Crowdsourcing Energy Data Innovation
- Apr 14, 2016 8:20 pm GMT
A LITTLE OVER a year ago, U.S. Energy Secretary Ernest Moniz announced the launch of the American Energy Data Challenge. The challenge would consist of a series of four contests that combine open data and energy innovation and draw on the creativity of the American public in multiple ways. Our goals were simple: to increase the value of the vast public data sets held in trust by the U.S. Department of Energy and to put new tools into the hands of individuals, homes and businesses fueled by public and private energy data.
The American Energy Data Challenge is not just the result of creatively pursuing the mission of the DOE, it is the result of public policy and responsive to trends in society and industry. In 2009, the White House established a policy on transparency and open government and released its Strategy for American Innovation, encouraging greater openness in the operation and work products of the federal government, and our continuing commitment to entrepreneurship, fundamental research and an advanced information technology ecosystem.
In 2010, federal agencies were provided with guidance on the use of prizes, contests and grand challenges, opening the door for public engagement beyond the traditional grant-type financial mechanisms. In 2011, the White House and several private sector partners helped launch the Green Button Initiative, extending an open data initiative born in the U.S. Department of Veterans Affairs health care sector into the energy sector.
In 2013, the president's Open Data Policy declared information a valuable national resource and strategic asset, and established open, machine-readable data as the default for government and government-funded data. Also in the closing months of 2013, with the energy industry surpassing 40 million customers with access to their energy data in the Green Button format, the president directed the U.S. General Services Administration, the U.S. Environmental Protection Agency and the DOE to shape their policies and information systems to accept and use Green Button data, keeping pace with industry adoption. The closer you look at the American Energy Data Challenge, the more you will see these policy themes emerge. Our job was to make sure that policy basis didn't get in the way of a fun, challenging and mutually rewarding experience.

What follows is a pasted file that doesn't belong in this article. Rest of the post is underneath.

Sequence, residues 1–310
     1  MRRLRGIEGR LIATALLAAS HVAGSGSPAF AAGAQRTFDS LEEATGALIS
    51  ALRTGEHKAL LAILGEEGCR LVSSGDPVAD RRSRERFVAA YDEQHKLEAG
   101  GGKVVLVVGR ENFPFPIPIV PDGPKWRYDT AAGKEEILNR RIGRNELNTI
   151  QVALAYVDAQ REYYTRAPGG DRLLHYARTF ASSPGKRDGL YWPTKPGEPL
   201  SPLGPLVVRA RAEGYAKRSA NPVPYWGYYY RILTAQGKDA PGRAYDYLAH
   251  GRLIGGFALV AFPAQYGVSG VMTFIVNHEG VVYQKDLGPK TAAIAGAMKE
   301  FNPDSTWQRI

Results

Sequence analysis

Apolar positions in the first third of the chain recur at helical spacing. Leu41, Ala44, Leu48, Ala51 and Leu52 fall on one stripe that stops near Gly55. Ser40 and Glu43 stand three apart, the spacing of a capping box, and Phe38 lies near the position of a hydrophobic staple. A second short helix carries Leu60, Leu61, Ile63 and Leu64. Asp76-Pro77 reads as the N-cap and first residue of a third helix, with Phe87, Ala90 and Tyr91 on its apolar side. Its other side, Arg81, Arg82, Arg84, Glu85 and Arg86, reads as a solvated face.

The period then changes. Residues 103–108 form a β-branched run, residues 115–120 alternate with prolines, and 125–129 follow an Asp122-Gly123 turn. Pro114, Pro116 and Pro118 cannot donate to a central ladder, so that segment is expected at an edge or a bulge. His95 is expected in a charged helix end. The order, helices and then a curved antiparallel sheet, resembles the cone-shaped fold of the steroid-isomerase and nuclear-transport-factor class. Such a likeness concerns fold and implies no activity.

Three of the four contests are now complete. The first contest was the Energy Ideas contest, which invited contestants to essentially take a safari through some of the open data available from dozens of offices throughout the DOE. Competitors could suggest a new use for the data, dream up an application - no programming necessary - or let DOE know what data they wished were available, but hadn't been created yet.
The second contest was the Apps for Energy II contest, reprising our first Apps for Energy contest from 2012, but bigger and bolder. With private sector partners across the country, DOE held five regional hackathons for programmers from Boston to San Diego to support and inspire competitors, and even garnered formal recognition from the mayor of Los Angeles for innovation and consumer empowerment. In the third contest, Open Data by Design, DOE turned to the design community, asking for fresh ideas about how to make use of graphic design and information design to amplify the power of open data and personal energy data.
The playground of data the contestants had to work with was enormous, with energy data about geothermal resources, electricity generation, natural gas markets, building performance databases, and personal energy data in the form of Green Button data. The winners of Open Data by Design made this data more relevant, easier to understand, and in one case crunched decades of data into a single dynamic visualization. Two winners began with the consumer in mind. EnergyBill.com, winner of the Best Information Design award, blended customer-sourced Green Button data with other data sources and beautiful design in a mobile interface.
Ohmconnect, winner of Best Visualization, merged Green Button data with time-synched generation data to show customers when clean energy was online. Ohmconnect also built a simple but compelling energy disaggregation graphic to map primary energy uses in the home.
The uniquely named Quesadilla won the Best Infographic award for its crunching of fuel source to fuel use data. Quesadilla took an already compelling DOE graphic and animated decades of data with a simple slider, allowing anyone to see the changes in sources and consumption over time, covering thousands of data points in a single dynamic picture.
As of this writing, DOE has not launched the final contest, but from experience, one thing is certain: Entrepreneurs and others will respond with creative and surprising submissions, and open data will be at the heart of the value they propose to create.
Christopher G. Irwin is with the U.S. Department of Energy's Office of Electricity Delivery and Energy Reliability.
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